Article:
SET IN STONE-The Viragallu’s of Bengaluru

Right opposite the Kantheerava Stadium is a painted temple arch tucked between the busy Mallaya Hospital and the swank five star ITC Gardenia hotel. It leads into a secluded square plot where old tamarind trees cast shadows over a modest temple.  “Long ago, this area was just forested land near the Sampige kere (lake)” says the elderly temple priest, Swami Lingappa. “It had trees, shrubs and a small hamlet here (around Richmond Circle) called Sampangihalli”.

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Hero stones set around the plinth area

He says that members of his community, the pastoral Kuruba shepherds, once wandered here freely as they tended to their flock, camped in clusters around the lake and built what is now a privately owned shrine. They dedicated it to their patron deity, Lord Beereshwara-another name for Shiva-whose creation myth can be found in their oral epic, the `Halumatha Purana’. Edgar Thurston, in his work “Caste and Tribes of South India (Volume IV)” records that the nomadic Kurubas were “…plucky in hunting leopards and bears” while Shivakumar, a young man at the temple proudly tells me that community luminaries over the centuries have gone beyond hunters to mystic poet-philosophers like Kanakadasa, classical Sanskrit poet Kalidasa, Sangoli Rayanna the 18th century patriot and Hakka-Bukka, co-founders of the Vijayanagar kingdom.

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It is quite incredible that despite the massive painted gate, commuters and pedestrians remain oblivious to the temple. Perhaps that’s a good thing, because the Sri Sampigehalli Beereshwaraswamy Devalaya Mahadwara holds an ancient secret close to its chest. Lining its walls are an astonishing number of bas relief stone memorials called Viragallus; hero(vira) stones (kallu) right in the heart of what is now central Bengaluru. These free standing slabs (both vertical and horizontal) commemorate ancient warriors and people of rank or distinction who were slain in battle, during cattle raids and hunting expeditions, defending villages and boundaries or while committing special acts of bravery. The narratives are carved in stone; weapon wielding warriors prepare for battle or are despatched by their women after the completion of auspicious rituals. They  die fighting other weapon wielding warriors on horses, elephants or in one on one combat. Stones found along the coast show battles fought on ships or at sea.Though hero stones are found predominantly in South India, many are also seen in Gujarat around ancient sati stone clusters called the ‘paliya’.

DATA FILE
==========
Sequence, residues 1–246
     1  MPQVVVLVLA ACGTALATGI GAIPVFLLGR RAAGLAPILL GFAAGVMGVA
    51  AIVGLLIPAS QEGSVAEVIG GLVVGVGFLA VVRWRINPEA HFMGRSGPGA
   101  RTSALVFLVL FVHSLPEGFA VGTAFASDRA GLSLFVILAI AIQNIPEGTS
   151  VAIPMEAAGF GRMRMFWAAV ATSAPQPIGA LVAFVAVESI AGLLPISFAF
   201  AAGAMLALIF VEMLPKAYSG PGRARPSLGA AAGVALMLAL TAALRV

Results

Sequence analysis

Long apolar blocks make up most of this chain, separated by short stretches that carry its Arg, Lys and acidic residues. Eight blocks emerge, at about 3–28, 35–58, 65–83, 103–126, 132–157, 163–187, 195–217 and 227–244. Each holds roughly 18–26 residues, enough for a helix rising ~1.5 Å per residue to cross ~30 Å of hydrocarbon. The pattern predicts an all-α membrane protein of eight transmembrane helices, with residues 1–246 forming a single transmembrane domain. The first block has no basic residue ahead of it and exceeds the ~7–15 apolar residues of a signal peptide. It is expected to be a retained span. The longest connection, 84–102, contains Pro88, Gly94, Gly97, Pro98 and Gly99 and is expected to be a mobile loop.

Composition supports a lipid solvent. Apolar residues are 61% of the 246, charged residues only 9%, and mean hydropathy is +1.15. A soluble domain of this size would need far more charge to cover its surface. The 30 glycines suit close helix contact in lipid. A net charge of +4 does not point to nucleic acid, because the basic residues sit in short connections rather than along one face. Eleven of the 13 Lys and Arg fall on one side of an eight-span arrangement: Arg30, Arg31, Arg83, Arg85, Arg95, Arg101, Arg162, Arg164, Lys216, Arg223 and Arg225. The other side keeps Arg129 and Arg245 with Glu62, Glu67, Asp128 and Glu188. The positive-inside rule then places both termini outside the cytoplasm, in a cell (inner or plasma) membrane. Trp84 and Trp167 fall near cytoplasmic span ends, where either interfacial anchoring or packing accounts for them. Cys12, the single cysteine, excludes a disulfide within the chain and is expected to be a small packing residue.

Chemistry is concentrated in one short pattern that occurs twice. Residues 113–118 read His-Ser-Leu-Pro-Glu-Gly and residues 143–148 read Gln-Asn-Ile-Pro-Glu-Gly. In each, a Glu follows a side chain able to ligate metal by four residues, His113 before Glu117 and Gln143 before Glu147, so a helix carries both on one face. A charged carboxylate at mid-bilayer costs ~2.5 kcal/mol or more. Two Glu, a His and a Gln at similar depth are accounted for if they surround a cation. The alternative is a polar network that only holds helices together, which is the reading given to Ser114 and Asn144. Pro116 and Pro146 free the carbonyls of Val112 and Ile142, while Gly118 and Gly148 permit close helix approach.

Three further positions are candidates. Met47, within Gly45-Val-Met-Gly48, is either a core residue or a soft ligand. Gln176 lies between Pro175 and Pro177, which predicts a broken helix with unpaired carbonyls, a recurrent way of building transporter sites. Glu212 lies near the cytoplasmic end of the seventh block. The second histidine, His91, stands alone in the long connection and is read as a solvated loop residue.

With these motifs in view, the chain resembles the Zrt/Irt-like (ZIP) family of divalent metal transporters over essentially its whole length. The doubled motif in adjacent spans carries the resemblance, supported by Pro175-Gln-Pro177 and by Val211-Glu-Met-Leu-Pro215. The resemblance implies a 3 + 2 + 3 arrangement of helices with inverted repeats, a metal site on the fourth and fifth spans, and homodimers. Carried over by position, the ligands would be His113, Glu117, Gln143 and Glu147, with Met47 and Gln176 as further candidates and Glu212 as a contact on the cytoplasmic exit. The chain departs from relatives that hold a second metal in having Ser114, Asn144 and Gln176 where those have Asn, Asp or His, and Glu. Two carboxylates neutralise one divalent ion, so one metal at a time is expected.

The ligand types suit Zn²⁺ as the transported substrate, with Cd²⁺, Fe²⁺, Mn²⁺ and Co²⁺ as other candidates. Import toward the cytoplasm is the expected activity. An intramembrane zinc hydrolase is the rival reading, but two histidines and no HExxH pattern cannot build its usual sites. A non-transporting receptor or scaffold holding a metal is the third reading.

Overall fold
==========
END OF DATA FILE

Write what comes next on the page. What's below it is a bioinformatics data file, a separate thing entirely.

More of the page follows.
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Single stones usually record a narrative series in two or three horizontal panels. The  scenes unfold in stages. The visual account describes the circumstances leading to the warrior’s death in the first panel and his ritual ascension to `swarga’ (heaven) accompanied by celestial maidens, in the next. The third panel would contain symbols representing his lineage or caste-religious affiliations. When the narrative included wives who committed `sati’ (an ancient practise of self-immolation where dutiful women accompanied their husbands on the final journey into eternity), the stones were called `vira mastikallus’ (mastigallu; as in maha-sati-kallu).The women in these panels are depicted with the right forearm raised towards heaven (the Vyasana Tholu blessing pose). The lemon in her right hand indicates her elevation to a local village Goddess, the Devi, and the pot of fire in her left hand alludes to her sati status.